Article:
“Basically, the ratio between density and viscosity becomes very favourable for having very high flow rates,” he said. “All things being equal, in terms of well size, these very high flow rates would result in your getting much more energy out of the well.”

Elders seemed bemused by the attention his two-year-old drilling project is getting today, mainly as a result of a belatedly released statement on the project from the National Science Foundation. In fact, he seemed mildly mystified by it as he spoke to REM.

“What I hope it means is that people have gotten more attuned to renewable energy, and that people are beginning to recognize that geothermal is a renewable energy source that has a lot of attractiveness relative to wind and solar,” he said.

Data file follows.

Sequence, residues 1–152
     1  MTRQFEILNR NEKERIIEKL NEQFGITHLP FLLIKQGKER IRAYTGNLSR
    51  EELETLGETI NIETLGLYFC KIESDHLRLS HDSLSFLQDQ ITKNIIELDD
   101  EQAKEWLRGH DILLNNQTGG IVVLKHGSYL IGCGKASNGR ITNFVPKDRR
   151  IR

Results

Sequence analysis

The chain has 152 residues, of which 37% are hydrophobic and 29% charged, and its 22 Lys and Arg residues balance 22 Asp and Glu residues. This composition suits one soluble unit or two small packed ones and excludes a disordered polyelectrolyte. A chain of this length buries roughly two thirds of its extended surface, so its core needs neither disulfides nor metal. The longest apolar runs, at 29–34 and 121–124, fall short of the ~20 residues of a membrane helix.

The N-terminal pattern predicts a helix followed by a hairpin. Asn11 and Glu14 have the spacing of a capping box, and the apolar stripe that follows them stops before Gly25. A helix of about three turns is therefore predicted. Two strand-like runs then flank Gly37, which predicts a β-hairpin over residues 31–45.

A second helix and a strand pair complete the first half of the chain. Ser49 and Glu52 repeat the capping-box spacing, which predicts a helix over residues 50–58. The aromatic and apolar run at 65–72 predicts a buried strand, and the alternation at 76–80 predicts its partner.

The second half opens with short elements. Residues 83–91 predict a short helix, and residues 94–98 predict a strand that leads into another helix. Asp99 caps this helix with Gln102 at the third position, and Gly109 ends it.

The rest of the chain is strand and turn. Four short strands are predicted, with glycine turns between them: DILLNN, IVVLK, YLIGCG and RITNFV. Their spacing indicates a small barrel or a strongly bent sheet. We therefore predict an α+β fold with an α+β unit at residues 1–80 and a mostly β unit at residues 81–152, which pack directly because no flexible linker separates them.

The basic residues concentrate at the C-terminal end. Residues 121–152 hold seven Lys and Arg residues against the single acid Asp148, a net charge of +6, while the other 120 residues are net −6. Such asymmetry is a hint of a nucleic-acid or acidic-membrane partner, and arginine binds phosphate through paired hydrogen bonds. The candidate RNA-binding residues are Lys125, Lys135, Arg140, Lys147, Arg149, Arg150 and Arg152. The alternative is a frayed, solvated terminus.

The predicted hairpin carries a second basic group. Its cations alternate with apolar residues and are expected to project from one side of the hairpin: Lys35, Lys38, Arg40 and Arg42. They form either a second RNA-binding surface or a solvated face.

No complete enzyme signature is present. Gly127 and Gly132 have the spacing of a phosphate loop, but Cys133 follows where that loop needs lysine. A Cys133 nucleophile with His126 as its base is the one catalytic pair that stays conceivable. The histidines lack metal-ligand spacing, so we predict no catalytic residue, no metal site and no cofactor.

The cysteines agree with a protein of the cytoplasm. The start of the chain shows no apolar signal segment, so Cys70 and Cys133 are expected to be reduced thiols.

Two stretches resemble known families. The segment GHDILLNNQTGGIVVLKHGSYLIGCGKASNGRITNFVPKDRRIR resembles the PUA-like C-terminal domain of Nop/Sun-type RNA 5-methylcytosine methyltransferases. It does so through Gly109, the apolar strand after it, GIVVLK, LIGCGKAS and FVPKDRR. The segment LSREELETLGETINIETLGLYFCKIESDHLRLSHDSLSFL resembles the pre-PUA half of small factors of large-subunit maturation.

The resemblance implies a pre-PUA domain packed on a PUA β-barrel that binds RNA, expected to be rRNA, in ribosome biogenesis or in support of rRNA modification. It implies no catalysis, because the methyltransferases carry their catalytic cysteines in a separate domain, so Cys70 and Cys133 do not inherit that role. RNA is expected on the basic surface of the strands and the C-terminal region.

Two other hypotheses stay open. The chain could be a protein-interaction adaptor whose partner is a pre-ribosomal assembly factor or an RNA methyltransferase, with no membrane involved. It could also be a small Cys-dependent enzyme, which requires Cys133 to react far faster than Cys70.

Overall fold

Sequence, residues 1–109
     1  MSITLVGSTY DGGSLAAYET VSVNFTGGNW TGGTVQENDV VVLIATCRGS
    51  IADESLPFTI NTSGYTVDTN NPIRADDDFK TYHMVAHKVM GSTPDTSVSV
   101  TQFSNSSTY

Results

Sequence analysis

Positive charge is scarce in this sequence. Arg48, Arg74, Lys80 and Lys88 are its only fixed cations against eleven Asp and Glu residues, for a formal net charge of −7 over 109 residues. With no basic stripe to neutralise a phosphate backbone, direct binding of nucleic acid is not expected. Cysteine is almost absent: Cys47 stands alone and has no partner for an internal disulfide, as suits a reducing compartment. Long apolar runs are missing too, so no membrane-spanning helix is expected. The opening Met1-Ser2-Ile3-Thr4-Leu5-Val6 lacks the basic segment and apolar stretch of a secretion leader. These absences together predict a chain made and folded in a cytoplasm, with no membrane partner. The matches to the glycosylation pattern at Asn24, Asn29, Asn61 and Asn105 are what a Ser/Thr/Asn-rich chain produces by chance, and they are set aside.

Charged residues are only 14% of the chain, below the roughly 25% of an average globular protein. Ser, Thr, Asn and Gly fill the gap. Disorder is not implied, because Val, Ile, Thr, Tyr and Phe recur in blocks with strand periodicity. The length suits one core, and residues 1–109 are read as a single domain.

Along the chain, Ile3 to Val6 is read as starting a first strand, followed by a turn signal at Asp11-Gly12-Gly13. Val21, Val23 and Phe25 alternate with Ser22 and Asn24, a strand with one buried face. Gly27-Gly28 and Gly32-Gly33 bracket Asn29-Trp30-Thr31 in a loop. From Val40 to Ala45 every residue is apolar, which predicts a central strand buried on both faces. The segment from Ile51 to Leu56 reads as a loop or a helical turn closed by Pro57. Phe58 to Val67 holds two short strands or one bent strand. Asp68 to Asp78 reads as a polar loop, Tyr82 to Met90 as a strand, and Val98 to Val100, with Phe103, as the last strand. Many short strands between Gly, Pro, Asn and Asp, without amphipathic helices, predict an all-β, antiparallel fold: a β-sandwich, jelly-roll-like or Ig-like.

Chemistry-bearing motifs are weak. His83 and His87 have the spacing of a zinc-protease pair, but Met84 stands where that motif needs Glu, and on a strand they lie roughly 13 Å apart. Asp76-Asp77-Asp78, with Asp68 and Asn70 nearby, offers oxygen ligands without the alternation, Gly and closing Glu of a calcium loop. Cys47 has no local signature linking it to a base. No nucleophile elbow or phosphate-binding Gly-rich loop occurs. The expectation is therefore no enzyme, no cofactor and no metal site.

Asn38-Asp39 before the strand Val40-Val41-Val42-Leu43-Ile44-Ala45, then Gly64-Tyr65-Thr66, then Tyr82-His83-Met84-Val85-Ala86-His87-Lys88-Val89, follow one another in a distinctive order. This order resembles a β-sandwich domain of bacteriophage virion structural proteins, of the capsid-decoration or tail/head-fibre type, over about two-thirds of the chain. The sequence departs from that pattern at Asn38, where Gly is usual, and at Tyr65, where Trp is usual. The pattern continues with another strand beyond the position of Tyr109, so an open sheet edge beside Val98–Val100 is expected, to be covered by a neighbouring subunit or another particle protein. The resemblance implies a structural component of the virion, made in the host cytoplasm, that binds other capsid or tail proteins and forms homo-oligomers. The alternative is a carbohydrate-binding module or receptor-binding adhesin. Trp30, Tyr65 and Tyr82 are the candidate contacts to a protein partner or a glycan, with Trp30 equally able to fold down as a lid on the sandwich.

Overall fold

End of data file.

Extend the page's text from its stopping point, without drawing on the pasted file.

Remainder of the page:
“Geothermal is ideal for base-load power, it operates 24 hours a day, seven days a week, 365 days a year, and you only need to close it down for maintenance every year-and-a-half, compared to the vagaries of much more frequent maintenance and repair associated with wind and solar.”

“Another thing is, geothermal wells have a much smaller environmental footprint per megawatt than solar and wind facilities do,” he said.

Best of all, the supercritical conditions Elders hopes to tap should exist in high temperature geothermal fields all over the world.

“That’s why I think if our project in Iceland is ultimately successful in generating steam from supercritical resources, it would have lots of applications in other countries and regions where you have high temperature systems, like New Zealand, the Andes, Central America, Western North America, the Aleutian Islands in the Northern Pacific Ocean, the Kamchatka Peninsula of Japan, and the Philippines, as well as places like Italy and Greece, where you have young volcanoes,” Elders said.

For additional information:

The Iceland Deep Drilling Project

Wilfred A. Elders web site